Thought Leadership

Managing Up: Making Your Project Controls Organization Trusted and Agile

Category: Thought Leadership
N. Ryan Smith • January 8, 2018

Nobody in project organizations likes surprises.

Dislike of “bad surprises” is obvious, but even “good surprises” that result in changing the approved project plan can have cascading impacts that will probably make you question how good that “good surprise” really was. If you finish a task three weeks earlier than planned, you have now put the heat on the next teams in the chain to advance their work at a cost and risk exposure that may not be completely understood.

The best approach for everyone involved? Take the time to develop a robust project plan that everyone buys in to, and then stick to it. Consistent, predictable, reliable project performance: easier said than done, but rarely are things that yield major organizational benefits easy.

Intolerance of project surprises is amplified in companies that are undertaking big projects and have made big commitments to their shareholders and boards of directors. There is a lot at stake in terms of personal and corporate reputations (and, obviously, business outcomes).

Project teams that can’t impart confidence through predictable and reliable performance will be micromanaged by those above them. It’s human nature and, as restricted as you might be today, you can be sure that the thumbscrews will tighten with each new surprise. Your authority and agility as a project team to change-manage, contract-manage, and project-manage will be impaired and your stress levels and effectiveness will be at all-time highs and lows, respectively.

Do executives, board members, and oversight organizations want to be involved in the nitty gritty of projects to this degree? Absolutely not! Their behaviour revolves entirely around trust and if you are trusted you will be left to plan and execute on your terms.

This puts huge pressure on project execution organizations to deliver on time and on budget, but it puts even more pressure on the project controls organization. If life in project execution teams can seem a lot like firefighting, project controls must be the smoke detector – the early indicator of smoldering trouble.

Trusted and agile project controls organizations value prevention over correction and, in doing so, give their executives and board members confidence that they will be able to effectively identify risks and potential issues that arise. There are no longer “good or bad surprises,” but rather predicted events that the business has skilfully identified and reacted to in time to avoid or minimize negative impacts, so reputations and business outcomes remain intact.

Here are the measures a project controls organization should put in place to start the process of fostering trust that will yield increased authority and agility benefits to the project team.

  1. Implement a Robust Gated Process That Sets a Relentlessly High Standard for Project Products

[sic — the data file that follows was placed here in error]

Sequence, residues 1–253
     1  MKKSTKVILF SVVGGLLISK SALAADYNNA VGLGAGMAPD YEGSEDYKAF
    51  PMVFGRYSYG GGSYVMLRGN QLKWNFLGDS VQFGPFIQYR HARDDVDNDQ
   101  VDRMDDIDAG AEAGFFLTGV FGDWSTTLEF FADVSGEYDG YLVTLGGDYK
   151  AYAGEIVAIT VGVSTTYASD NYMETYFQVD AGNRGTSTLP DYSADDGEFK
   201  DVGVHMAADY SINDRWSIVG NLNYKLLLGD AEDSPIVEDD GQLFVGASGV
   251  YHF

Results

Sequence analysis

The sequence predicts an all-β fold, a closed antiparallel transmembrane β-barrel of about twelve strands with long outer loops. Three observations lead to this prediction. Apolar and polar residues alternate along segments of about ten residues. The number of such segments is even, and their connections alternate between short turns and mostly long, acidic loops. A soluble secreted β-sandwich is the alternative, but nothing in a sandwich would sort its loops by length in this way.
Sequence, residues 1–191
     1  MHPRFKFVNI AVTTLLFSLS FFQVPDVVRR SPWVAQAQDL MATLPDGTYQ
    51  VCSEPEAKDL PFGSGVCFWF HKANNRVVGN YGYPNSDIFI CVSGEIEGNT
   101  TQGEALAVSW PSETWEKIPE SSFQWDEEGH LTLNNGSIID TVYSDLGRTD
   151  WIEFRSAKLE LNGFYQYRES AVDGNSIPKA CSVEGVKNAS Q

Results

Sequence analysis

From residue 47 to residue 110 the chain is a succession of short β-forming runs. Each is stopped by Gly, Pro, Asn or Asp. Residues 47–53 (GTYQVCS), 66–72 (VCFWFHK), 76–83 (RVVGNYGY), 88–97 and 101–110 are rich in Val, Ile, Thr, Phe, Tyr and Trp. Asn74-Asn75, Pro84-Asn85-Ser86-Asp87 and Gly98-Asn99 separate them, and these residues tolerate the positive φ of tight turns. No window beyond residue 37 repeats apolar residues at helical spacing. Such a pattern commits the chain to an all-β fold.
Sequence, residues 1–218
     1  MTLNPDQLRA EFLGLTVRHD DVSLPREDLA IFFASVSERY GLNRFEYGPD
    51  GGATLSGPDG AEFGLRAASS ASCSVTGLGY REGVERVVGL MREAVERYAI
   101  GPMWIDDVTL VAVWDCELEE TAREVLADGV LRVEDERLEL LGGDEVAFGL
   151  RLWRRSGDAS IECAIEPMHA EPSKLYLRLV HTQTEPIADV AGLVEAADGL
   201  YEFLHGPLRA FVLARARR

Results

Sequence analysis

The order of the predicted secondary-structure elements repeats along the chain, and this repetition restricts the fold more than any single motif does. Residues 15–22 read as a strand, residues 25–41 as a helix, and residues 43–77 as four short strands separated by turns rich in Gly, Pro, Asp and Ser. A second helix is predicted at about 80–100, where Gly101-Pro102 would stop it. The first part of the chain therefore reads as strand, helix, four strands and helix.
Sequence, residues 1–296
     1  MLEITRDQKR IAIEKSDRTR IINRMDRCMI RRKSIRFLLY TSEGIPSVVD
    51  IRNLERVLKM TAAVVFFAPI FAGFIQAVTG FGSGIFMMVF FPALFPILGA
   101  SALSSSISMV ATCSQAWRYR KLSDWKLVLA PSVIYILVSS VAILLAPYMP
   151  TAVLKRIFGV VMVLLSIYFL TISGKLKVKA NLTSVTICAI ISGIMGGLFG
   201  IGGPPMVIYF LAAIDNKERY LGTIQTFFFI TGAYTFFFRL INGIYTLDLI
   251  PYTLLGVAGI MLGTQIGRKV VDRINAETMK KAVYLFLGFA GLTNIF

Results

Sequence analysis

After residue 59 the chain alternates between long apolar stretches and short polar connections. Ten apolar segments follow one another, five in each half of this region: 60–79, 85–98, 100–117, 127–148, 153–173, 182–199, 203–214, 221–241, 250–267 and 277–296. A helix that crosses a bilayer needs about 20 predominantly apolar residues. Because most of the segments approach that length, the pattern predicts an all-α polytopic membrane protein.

Having a gated approval process is not enough; the key word here is “robust.” While scalability and a bit of flexibility are hallmarks of any good gated process, conditional approvals must be avoided to ensure integrity is maintained.

    If you regularly conditionally approve poor plans because of production pressures, you will reap what you sow during execution. You will be chasing that bad plan and bad data for the entirety of the project, and your trust will be degraded.

    The gated process is the only true authority a project controls organization has – stand up for it and accept nothing less than quality project products that meet or exceed expectations. Trust ensues.

  2. Produce Simple, Clear Reports with Quality Data
    Give your executives simple rollup reports based on the solid data you validated and loaded into your tools upon your robust gate approval. If they choose to drill down into the details in the source systems, the data stands up and holds true. Trust ensues.

    Less is more – pick at most two or three meaningful things you are going to use to communicate and manage up. Base them on what your superiors are concerned about, not what you think is interesting.

  3. Practice Risk Management Zealotry
    If you have a good plan developed and approved through a robust gated process, the project team’s entire focus during execution should be risk management and looking ahead. This includes management of financial, commercial and, of course, health and safety risks.

    Most project teams I’ve been exposed to lose this discipline in the fog of war. It is tough for the execution team to stay on top of, so the project controls organization must augment their efforts to ensure risk management stays at the fore. Early identification of well-characterized risks will be appreciated by your leadership and will give them opportunity to react and adjust course. Trust ensues.

  4. Be the Communication Channel
    Surfacing project performance information and risks and issues in a transparent, balanced, and managed way gives the impression of control. In the absence of information, data, and communications, your leaders will fill the void with assumptions and perceptions (which become their reality).

    Most have the discipline to avoid rumour and get facts, but many don’t, and the unintended consequences of their well-intended questions and concerns can have catastrophic effects on a project organization’s sanity and effectiveness. You will be forced to chase that wild goose to satisfy the query at the detriment of real project priorities.

    Manage the message with facts and transparency. Trust ensues.

These four key strategies will help create the environment of trust that will allow project organizations more latitude, agility, and authority in project decision-making and approvals.